STEM, STEAM, STEM, STEAM, what does it all mean? (and yes, we were just as tickled about the rhyming as we're hoping you just were).
STEM, the collective term for Science, Technology, Engineering, and Math, became a focus in education in the early 2000s in reaction to statistics showing the United States falling behind other countries in those subjects in our education system and work force.
While there is no doubt that these four subjects are incredibly important to the progression of the country as a global leader, it turns out that art not only complements these subjects, but increases chances of success in STEM subjects as well.
Proponents for STEAM (with the added "A" for art), instead of simply STEM, demonstrate that the study and practice of art increases what educators call the Four Cs: creativity, communication, collaboration, and critical thinking, all vital skills necessary for success in STEM fields.
In fact, Adam Grant found in his research for his book "Originals: How Non Conformists Move the World" that Nobel Prize-winning scientists were seven times more likely to have a hobby of visual art than their non-Nobel-Prize-winning peers, and 22 times more likely to be involved in a performing art than their non-winning peers.
And according to the Arts in Education Partnership’s 2013 report, Preparing Students for the Next America, The Benefits of an Arts Education, “Creativity is among the top ranking of 'in demand' qualities. 65% of Americans believe that creativity is central to the U.S.'s role as a global leader. 97% of business leaders agreed that creativity is of increasing importance in the workplace. However, 85% of employers seeking creative candidates had trouble finding qualified applicants.” Creativity is an essential precursor to innovation, which is the key to moving STEM fields forward.
There are plenty of ways you can challenge your children at home with fun and simple STEAM activities to keep their brains fresh during the summer, or just over the weekend, and they probably won't even know they're learning through the fun! We've rounded up a few of our favorites, let us know which ones you try and how you liked them!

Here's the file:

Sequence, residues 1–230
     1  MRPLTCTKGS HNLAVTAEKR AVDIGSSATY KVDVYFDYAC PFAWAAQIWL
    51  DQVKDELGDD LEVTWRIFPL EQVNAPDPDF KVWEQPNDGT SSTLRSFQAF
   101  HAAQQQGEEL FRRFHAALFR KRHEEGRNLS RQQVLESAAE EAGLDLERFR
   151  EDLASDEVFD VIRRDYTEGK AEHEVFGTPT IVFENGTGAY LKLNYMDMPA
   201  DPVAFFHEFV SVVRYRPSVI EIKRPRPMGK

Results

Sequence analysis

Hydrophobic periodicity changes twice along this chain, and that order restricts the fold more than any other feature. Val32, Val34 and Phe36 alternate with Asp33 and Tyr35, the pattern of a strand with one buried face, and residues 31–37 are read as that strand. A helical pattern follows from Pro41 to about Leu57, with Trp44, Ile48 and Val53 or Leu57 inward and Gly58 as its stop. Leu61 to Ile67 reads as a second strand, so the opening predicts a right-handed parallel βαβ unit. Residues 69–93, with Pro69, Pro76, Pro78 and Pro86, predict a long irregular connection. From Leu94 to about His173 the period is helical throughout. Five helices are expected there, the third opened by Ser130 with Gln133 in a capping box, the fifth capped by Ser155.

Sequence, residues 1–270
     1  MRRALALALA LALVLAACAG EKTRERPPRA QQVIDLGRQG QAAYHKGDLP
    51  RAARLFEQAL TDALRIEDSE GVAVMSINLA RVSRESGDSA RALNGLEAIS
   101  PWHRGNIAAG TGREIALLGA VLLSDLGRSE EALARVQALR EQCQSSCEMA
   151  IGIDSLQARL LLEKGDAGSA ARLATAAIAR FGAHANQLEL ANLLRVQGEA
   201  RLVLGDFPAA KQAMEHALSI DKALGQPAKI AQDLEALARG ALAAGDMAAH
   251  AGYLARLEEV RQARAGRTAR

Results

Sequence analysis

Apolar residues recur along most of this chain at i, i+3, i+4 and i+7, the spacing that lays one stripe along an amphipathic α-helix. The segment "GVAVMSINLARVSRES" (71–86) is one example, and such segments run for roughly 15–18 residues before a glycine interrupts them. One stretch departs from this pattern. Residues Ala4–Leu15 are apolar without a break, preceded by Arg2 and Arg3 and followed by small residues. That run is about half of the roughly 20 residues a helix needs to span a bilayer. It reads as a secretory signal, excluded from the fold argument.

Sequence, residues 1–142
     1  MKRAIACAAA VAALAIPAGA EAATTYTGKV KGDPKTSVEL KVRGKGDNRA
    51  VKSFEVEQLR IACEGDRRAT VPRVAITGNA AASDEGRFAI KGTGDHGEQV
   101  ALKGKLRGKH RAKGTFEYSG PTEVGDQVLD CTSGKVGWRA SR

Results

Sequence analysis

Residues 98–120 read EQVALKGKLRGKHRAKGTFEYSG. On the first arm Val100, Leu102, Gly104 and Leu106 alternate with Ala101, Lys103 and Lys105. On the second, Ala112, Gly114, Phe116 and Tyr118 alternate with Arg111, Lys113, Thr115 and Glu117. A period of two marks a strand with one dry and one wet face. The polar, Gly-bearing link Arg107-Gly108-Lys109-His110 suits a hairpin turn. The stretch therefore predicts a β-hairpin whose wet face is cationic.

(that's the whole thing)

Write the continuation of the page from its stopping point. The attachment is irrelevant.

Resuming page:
1. Pendulum Painting
A pendulum is a weighted object that hangs from a pivot, or a bar, and swings based on it's gravitational pull. You and your child can experiment with the way pendulums move while creating pendulum paintings either inside or outside on the sidewalk. You can test different heights of the bar, different lengths of the string, or different amounts of paint in the cup and see what kind of designs these pendulums come up with. Full directions and even sidewalk paint recipe can be found here.
2. Shadow Art Science
Shadow art is a perfect summer activity for the kids - gets them creative and gets them outside. Check, check. Up the science factor by first discussing how the sun's position in the sky affects how our shadows look on the ground. This blog post here runs through the steps for the art project, but also suggests their other post, "Human Sundial Shadow Science Experiment" as the precursor science intro.
3. No-Cook PlayDough Sculpture Lab
Let the kids experiment with creating their own art materials! No-cook playdough is easy to make with simple ingredients you probably have in the house already (but things could get a little messy so prepare the space accordingly. Maybe this calls for an outdoor lab on a nice day). Set up a playdough science "lab" for the kids to conduct their experiments with mixing different materials to form the perfect no-cook sculpting clay, suggestions and recipes can be found here. Then encourage your kids to use their newly concocted substance to create fun sculptures.
4. Sharpie Tie-Dye Experiment
We've done a Sharpie and fabric tie-dying experiment in our summer camps before, but here's a great how-to to recreate this art experiment at home. After coloring a design in the fabric (or t-shirts for this particular project) with the sharpies, use rubbing alcohol to make the sharpies bleed and "dye" the fabric. This is a great way to explore primary and secondary color mixing as well.
These are just a few great ways to integrate STEM and art to create STEAM-focused activities that work both sides of the brain at the same time. If you're still looking for more ways to sneak art into your child's daily activities, check out our variety of summer art camp options with new projects every week for ages 5-14.
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Sharing our love of art education, one post at a time.